This transformation of the clubs finances not only saw the money re-invested back into players but incredible benefits off the pitch. If you take a look back at episode (link to ep1) I wanted a club who had potential for a large expansion of the fanbase, according to Wikipedia for the 16/17 season in real-life, Antwerp only managed to fill 71% of their 12,000 capacity stadium. The constant achievements and financial status of the club meant we were able to consistently expand the stadium – and the fans kept flocking. Stadium Coca-Cola is now at its maximum capacity of an astonishing 50,000, with an average attendance of over 48,000 for the season just gone – blitzing a majority of our rivals. 

The financial benefits from the increased attendance helped the club also expand its facilities as regularly as the stadium which would hopefully bring quality players into the club for free through our academy, which despite not being as successful as hoped, still saw plenty of quality players make it through the system (2 Coca-Cola academy graduates were regulars for Antwerp this season, with 3 more regulars on the bench)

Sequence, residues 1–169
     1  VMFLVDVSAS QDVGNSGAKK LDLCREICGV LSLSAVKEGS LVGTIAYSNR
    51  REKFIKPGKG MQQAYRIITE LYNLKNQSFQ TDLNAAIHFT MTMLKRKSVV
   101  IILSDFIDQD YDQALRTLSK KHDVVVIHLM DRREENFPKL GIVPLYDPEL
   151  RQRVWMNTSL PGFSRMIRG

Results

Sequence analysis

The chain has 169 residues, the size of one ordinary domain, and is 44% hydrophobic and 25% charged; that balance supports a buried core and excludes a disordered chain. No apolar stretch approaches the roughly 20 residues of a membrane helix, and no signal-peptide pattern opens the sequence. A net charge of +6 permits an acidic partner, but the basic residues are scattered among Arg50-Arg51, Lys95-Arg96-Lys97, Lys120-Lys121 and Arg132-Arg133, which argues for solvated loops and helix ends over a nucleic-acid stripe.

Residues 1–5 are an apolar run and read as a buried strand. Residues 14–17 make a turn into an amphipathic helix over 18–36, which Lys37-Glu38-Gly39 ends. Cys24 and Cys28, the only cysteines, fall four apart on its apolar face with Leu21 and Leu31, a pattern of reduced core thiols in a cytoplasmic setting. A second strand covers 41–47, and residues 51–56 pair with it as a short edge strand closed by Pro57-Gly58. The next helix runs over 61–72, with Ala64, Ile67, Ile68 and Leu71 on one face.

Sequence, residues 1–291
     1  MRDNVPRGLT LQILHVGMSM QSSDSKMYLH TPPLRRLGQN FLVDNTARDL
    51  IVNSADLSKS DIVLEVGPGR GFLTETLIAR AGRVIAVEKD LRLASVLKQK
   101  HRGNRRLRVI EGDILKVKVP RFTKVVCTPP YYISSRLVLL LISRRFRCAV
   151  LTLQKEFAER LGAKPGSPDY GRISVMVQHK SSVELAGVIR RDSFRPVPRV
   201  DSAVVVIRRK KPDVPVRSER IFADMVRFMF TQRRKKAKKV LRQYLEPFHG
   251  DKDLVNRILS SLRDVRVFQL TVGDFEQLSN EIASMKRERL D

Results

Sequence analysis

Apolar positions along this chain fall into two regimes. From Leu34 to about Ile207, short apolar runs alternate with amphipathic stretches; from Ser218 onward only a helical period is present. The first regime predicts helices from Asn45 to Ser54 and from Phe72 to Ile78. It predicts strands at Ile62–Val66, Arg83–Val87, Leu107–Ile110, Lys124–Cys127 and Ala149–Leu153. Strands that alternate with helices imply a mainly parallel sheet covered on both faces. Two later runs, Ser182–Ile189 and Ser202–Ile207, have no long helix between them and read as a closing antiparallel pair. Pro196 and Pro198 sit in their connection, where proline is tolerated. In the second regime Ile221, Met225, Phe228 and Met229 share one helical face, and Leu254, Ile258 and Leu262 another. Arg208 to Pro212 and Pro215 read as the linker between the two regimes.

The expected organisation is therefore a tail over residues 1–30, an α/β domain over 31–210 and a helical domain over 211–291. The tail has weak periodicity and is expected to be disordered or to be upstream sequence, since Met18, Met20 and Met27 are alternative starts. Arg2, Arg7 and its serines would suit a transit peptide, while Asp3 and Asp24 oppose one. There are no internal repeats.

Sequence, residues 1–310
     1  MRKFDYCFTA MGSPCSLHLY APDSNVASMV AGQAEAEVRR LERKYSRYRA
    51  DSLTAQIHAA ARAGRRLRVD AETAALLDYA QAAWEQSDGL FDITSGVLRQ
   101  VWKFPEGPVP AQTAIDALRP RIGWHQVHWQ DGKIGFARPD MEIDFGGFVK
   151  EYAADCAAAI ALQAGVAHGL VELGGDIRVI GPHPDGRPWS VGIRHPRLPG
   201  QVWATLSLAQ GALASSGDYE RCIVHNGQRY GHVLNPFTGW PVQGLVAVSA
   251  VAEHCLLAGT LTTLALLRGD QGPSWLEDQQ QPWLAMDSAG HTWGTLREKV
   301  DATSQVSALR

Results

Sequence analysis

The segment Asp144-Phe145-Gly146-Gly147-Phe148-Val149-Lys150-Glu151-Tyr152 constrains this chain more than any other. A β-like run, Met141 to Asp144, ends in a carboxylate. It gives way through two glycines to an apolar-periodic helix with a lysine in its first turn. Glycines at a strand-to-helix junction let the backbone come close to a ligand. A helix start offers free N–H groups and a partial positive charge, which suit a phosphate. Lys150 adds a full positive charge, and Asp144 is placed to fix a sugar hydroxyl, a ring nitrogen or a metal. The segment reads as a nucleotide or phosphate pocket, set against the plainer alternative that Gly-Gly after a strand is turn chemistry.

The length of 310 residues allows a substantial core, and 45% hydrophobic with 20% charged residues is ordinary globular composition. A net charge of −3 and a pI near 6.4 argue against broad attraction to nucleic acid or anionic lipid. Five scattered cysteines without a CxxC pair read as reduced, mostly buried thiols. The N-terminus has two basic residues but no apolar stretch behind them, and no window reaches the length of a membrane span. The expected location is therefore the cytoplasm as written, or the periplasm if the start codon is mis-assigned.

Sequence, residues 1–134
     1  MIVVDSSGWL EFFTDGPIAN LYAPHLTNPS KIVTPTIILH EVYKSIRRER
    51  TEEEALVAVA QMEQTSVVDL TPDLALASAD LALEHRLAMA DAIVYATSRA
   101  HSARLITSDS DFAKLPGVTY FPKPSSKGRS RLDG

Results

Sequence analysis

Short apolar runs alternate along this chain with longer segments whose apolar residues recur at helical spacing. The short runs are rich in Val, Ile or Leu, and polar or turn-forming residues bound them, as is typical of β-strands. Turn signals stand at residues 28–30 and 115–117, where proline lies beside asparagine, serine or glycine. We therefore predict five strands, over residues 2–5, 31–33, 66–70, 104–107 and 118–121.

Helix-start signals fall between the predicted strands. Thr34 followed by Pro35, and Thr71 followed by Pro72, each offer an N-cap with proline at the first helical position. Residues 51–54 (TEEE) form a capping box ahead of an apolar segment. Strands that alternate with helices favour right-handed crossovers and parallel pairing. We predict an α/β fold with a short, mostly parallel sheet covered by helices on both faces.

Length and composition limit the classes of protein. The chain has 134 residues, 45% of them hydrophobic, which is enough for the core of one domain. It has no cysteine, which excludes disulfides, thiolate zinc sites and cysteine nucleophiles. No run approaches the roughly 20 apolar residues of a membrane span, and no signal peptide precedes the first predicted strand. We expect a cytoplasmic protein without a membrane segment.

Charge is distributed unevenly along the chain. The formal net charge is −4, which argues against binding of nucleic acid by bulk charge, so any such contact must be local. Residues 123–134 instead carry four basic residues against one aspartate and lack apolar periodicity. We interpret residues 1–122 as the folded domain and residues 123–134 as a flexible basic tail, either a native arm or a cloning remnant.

As the second oldest club in the empire, Coca-Cola Silkeborg also saw a similar transformation – albeit not on the same scale as Antwerp.

Coca-Cola Silkeborg bought significantly fewer players than Coca-Cola Antwerp, and that was reflected financially, but despite that, they still have some impressive results, with a very healthy bank balance of just under £55m. Just like Coca-Cola Antwerp, the wage bill is very in check – although that’s helped by 13 players on loan in their first team squad that they’re paying no wages for.